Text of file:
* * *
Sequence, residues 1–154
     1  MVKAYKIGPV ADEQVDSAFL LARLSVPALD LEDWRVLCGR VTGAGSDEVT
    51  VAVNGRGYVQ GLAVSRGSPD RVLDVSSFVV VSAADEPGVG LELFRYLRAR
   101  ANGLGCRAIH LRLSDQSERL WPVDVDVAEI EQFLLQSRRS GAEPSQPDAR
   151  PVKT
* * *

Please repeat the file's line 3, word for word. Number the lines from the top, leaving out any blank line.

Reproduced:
    51  VAVNGRGYVQ GLAVSRGSPD RVLDVSSFVV VSAADEPGVG LELFRYLRAR